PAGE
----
Next, you’ll desperately search Google for options - Getonlinevotes.com is pretty straightforward, where people help each other out with votes in worldwide contests. And of course, there’s cheating! Search Google for instructions on hiding your IP address, or how to create thousands of aliases for your email account, enabling you to vote multiple times. Look for vote swap groups on Facebook and you’ll find dodgy folk who own bundles of fake Facebook accounts - they will sell you passwords so you can log in and vote from each of the 100 accounts. You could also buy votes at Buycontestvotes.com - or on many ‘black hat’ forums online. Astonishingly, many promoters forget to cover voting in their Terms and Conditions, making the difference between valid and invalid votes a grey area.
Entrants involved in a voting competition can devote hours daily to their campaign - it’s a stressful experience. By the final few hours of the campaign, desperate begging posts and messages are going out to family, friends and strangers. Some of those friends may well have clicked ‘Unfriend’ by the time the competition is over. When I look back at my own experiences, I’m embarrassed about all those ‘please vote' messages I sent to people. There was one competition where I actually burst into tears at midnight realising someone had pipped me to the post. All that wasted time spent asking for votes, when I could have used it to enter lots of judged competitions instead!
The cheating and the stress is why four years ago, I made a decision to stop entering voting competitions completely. I refused to promote or share them on my blog or social media - and said that I would never vote for anyone in a competition again.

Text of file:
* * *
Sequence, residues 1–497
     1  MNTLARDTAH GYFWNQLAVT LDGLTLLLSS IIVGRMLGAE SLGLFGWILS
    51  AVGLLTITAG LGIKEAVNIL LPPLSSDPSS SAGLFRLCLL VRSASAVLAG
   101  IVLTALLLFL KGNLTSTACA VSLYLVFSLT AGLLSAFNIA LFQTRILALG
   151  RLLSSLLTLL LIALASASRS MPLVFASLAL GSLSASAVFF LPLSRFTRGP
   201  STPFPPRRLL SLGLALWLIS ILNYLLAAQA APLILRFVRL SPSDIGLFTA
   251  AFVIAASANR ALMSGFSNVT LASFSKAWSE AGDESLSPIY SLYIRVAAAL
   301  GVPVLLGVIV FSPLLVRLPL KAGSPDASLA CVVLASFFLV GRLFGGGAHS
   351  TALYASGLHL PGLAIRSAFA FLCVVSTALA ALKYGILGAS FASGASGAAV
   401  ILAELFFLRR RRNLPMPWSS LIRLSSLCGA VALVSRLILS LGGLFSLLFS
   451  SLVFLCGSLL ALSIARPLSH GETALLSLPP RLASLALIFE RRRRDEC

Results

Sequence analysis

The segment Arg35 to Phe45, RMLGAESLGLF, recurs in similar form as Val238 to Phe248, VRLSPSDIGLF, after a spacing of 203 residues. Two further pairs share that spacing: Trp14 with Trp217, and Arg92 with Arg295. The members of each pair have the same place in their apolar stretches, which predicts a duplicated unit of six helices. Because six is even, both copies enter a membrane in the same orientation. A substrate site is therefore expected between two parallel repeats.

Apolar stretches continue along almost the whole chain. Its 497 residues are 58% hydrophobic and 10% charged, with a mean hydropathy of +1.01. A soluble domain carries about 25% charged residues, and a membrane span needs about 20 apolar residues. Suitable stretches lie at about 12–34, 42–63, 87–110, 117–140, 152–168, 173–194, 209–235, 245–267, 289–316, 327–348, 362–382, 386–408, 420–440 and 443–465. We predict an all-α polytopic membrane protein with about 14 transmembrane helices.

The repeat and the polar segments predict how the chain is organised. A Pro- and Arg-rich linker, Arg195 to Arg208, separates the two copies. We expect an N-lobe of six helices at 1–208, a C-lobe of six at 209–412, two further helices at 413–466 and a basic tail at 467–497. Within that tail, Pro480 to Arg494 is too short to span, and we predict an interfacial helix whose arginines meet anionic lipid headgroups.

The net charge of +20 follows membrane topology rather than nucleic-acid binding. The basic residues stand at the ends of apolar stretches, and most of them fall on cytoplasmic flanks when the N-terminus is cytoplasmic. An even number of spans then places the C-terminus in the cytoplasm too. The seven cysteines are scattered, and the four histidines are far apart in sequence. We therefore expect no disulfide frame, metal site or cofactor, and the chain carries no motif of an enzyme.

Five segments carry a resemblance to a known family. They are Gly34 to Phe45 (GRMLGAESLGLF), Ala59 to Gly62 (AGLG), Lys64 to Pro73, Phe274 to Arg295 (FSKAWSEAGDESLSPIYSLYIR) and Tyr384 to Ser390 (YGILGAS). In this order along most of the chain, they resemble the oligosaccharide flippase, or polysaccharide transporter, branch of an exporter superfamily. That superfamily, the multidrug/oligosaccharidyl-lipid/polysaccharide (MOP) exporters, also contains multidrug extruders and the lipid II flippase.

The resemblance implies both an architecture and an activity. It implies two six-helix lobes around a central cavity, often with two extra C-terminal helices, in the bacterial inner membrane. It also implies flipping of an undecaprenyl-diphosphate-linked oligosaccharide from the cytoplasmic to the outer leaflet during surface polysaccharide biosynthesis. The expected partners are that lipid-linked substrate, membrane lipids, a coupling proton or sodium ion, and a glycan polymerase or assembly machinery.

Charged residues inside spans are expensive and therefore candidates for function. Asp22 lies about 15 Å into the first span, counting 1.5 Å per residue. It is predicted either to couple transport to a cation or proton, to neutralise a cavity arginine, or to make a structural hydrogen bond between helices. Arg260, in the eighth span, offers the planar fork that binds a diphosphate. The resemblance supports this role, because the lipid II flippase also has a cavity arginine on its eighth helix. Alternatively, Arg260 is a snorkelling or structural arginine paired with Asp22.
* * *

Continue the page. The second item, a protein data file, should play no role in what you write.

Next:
Now I watch voting competitions go wrong from afar. I’ve seen various underhand tactics at play - some hilarious, some ingenious, some shocking. There was the lady who voted with multiple identities (including Facebook accounts for her cats), the comper who offered a £100 prize incentive for voters, and the saboteurs who deliberately posted fake vote requests online to get their closest competitors kicked out. Some of these techniques worked, some didn’t - but in every case, the promoter’s Facebook page was an entertaining and controversial read for the duration of the competition.
I still heave a mighty sigh when I see my favourite brands launch voting competitions, but thankfully it’s a rare occurrence these days. Maybe the message is finally getting through?
What are your experiences of voting competitions? Leave a comment below!
You can follow Di's winning tips and adventures @superluckydi and SuperLucky.
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Category: Intelligence & Insights